Junior Teddy Hodges (seen here competing during the 2008-09 season) has returned to the Notre Dame campus after successful heart transplant surgery last fall.

Heart Of A Champion

Feb. 12, 2010

By Tara Hunt
Sports Information Student Assistant

After battling a rare virus and recovering from a heart transplant, fencer Teddy Hodges returned to campus for the first time Feb. 6-7 to watch the Irish compete in the Notre Dame Duals.

“It was a good experience. I was just so happy to see everyone on campus, all the teammates, all the friends, all the family. It’s hard to describe,” Hodges said about his return.

Hodges was hospitalized June 5 at the Mid-America Heart Institute at St. Luke’s in Kansas City, Mo. after suffering from a stroke. The stroke was a result of the viral myocarditis, a rare infection that attacked his heart.

A three-month stay in the Intensive Care Unit without much success prompted a recommendation for a heart transplant, Hodges said.

“There were a lot of pumps and so much technology to keep my vitals alive. But my heart just wasn’t happening so they wanted me to try to get better and better and do a little light working out,” he said.

“After spending the three month saga in the ICU I didn’t know if I was going to be in there another month, another year, I didn’t know,” Hodges said. “It was really sudden; they got the heart offer and they said they were going to transplant me and it was another week, and it seemed really quick.”


Teddy Hodges (center) talks with teammates Diego Silva and Beatriz Almeida at last weekend’s Notre Dame Duals



The successful transplant was done on Sept. 16 at St. Luke’s Hospital. Since then, Hodges has been recovering at home, attending check-ups and preparing for his anticipated return to campus in the fall.

Even away from campus though, his team has remained an important part of his recovery.

“[My teammates] have been great, all the prayers and cards, and they sent me our team flag. They hung it up in the ICU and it was a big deal for me,” Hodges said. “I was obviously out of it, but initially they drove up in the first couple days to be with me and it was awesome. It was a big part of my mental recovery too. That’s Notre Dame. My goal was always to come back here.”

He returned last Saturday with the team flag raised above his head, ready to cheer on the Irish as they competed. He had the added bonus of seeing his brother, freshman Grant Hodges, post a 16-0 record on the day for the Notre Dame foil squad.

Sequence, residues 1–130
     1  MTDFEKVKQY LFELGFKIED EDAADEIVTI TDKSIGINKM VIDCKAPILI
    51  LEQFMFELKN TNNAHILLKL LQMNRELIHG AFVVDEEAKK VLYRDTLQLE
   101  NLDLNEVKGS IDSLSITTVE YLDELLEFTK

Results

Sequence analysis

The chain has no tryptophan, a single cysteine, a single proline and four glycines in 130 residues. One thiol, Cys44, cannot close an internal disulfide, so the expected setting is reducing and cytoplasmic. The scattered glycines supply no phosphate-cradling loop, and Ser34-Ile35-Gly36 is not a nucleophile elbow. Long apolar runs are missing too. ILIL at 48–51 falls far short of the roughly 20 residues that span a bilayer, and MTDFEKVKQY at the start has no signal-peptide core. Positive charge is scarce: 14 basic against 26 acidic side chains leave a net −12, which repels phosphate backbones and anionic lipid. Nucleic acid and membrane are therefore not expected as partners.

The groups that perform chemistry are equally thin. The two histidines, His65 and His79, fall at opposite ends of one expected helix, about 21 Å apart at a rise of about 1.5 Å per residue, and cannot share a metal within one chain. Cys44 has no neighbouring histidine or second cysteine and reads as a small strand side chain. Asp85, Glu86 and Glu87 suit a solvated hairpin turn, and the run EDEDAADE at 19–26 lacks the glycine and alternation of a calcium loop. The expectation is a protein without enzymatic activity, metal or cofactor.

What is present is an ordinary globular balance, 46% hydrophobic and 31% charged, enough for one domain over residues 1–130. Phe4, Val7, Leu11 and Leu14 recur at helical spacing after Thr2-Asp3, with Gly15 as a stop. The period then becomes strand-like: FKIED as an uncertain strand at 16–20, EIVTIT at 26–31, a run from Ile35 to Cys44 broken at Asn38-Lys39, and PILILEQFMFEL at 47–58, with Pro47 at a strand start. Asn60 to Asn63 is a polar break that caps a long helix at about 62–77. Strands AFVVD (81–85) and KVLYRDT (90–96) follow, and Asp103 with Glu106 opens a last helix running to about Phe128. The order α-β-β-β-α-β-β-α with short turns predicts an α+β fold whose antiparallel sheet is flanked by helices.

Hodges served as an inspiration to his teammates, with both the Irish men’s and women’s teams posting 11-0 records at the Notre Dame Duals to complete perfect regular seasons.



Teddy’s official return is scheduled for the fall semester of 2010 where he will continue as both a student and an athlete.

“Obviously with the stroke and everything I’m pretty out of shape so I don’t know about the big [fencing] tournaments but we’ll see if it will work out. I’ll just work out a lot this summer and practice and we’ll see,” Hodges said about his future with the Fighting Irish fencing team.

Hodges also intends on attending summer school to prepare for his senior year at Notre Dame.


Last weekend’s return was made even more special for Hodges, as he and his parents watched his younger brother, Grant, go 16-0 in the foil competition.



“I’ll take care of the academics first and then stay active, and just have fun,” he said.

“I’m most excited for hanging out in the sweaty, dank, fencing gym and seeing all my friends and teammates, and being a college student, and to feel normal,” Hodges said. “Obviously it’s been nice with all the prayers and the people around me so supportive of everything. But it will be good to go back to normal.”

His normalcy on campus began last weekend, accordingly, with fencing.

“It’s just a great feeling and I’m so happy and joyous just watching fencing again. It’s hard to describe, but it’s a great moment,” Hodges said.

Hodges is currently enrolled in the College of Arts and Letters as an English major. He has given thought to life after graduation but remains undecided.

“Being around the hospital I feel almost at home there in some part, but I love English and writing,” Hodges said. “I’m still thinking.”

— ND —